Buffeted by European and global headwinds, many in Germany wish for their country to “exit from history” and chart a more peaceful and insular course. But as Ludger Kühnhardt, Director at the Center for European Integration Studies at Universität Bonn and a regular contributor to the Advisor, argues, Germany can only engineer a good future for its people as an engine of further European integration, as a partner of the United States and as a defender of universal human rights. This essay originally appeared in the June 14, 2011, edition of The Globalist.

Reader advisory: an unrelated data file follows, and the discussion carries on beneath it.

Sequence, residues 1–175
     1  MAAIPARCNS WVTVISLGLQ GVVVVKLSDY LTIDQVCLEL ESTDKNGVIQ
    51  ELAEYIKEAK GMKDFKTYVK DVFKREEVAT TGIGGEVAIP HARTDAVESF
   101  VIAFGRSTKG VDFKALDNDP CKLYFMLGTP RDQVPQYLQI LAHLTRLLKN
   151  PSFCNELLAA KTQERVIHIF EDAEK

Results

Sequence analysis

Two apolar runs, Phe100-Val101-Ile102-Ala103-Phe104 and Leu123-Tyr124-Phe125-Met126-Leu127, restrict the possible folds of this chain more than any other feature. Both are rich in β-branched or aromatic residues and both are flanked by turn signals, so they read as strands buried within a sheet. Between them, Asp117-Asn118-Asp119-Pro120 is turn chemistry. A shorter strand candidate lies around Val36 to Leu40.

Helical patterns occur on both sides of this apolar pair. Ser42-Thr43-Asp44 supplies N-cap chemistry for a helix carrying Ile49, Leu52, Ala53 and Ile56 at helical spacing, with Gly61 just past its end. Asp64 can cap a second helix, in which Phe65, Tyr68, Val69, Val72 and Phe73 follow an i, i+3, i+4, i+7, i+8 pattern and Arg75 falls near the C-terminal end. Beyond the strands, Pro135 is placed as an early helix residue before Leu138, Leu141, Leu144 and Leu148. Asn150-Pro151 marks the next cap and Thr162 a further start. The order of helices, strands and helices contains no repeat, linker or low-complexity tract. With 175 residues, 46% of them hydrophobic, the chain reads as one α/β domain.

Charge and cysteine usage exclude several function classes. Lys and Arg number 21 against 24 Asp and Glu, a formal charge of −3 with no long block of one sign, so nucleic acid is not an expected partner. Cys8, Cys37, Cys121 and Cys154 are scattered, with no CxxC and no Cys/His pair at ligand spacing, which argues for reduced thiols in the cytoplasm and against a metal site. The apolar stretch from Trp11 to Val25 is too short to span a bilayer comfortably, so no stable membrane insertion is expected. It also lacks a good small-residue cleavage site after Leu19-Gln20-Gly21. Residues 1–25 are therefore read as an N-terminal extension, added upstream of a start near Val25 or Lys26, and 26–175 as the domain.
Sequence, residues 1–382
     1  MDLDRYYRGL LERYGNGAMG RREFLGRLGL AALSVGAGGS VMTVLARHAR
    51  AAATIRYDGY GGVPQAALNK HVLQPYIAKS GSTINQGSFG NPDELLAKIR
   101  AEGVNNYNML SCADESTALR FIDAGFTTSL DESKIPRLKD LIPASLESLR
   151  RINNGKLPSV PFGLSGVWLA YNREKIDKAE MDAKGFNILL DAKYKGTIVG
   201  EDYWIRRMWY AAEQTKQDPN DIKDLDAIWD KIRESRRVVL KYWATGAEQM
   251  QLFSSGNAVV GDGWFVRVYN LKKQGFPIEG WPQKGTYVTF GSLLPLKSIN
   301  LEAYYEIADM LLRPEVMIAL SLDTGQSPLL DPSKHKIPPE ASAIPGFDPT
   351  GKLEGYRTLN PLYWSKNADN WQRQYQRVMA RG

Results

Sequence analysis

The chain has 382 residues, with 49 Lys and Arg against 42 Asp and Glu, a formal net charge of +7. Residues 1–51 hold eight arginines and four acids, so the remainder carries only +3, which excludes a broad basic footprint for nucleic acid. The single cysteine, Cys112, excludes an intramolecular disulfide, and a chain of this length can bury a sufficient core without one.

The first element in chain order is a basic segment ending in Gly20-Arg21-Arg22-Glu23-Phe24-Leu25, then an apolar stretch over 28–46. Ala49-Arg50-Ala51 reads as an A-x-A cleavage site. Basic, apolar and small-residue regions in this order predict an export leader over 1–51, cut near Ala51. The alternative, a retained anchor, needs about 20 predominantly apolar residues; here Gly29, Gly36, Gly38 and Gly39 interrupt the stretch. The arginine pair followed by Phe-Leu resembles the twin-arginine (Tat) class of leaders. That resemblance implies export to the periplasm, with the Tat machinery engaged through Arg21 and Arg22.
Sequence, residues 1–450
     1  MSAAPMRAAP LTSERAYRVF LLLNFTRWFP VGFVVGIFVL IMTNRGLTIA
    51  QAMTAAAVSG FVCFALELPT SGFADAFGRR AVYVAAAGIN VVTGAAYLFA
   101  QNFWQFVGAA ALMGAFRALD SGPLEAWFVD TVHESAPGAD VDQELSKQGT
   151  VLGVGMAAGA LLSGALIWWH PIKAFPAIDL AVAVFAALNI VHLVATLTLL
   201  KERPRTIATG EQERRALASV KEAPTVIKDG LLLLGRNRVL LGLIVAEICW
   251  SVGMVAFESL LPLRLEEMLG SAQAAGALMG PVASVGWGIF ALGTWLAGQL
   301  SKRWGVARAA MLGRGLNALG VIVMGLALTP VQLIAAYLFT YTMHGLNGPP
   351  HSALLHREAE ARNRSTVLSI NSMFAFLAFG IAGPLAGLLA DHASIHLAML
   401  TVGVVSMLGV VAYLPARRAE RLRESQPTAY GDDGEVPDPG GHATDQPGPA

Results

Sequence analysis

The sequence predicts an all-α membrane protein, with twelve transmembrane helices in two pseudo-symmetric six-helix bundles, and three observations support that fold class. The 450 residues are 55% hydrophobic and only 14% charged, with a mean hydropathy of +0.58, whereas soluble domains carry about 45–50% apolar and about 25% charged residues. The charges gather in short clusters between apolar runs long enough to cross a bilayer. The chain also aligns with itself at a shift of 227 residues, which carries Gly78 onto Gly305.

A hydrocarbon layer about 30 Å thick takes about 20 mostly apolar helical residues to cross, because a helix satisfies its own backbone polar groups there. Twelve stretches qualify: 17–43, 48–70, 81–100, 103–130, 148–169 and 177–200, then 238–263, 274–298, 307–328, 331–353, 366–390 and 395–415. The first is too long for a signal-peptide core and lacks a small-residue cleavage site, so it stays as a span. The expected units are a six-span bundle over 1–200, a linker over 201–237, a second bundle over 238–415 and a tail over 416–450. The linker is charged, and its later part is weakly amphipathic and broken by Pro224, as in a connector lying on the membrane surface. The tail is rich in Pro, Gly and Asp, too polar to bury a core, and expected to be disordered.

When the Lisbon Treaty entered into force on 1 December 2009, no one quite knew how this would impact transatlantic relations or how an EU with increasing responsibilities would act toward its neighbors. In the months since, we have seen successes and setbacks: Implementation of the Lisbon Treaty is progressing within the EU with a new President and High Representative already in office, yet transatlantic tensions over the sharing of SWIFT data have called internal EU cooperation into question. In Policy Report 44, authors Frances Burwell and Ludger Kühnhardt examine the Lisbon Treaty and discuss what its influence will be not only on the EU, but also on transatlantic relations and the EU’s neighborhood.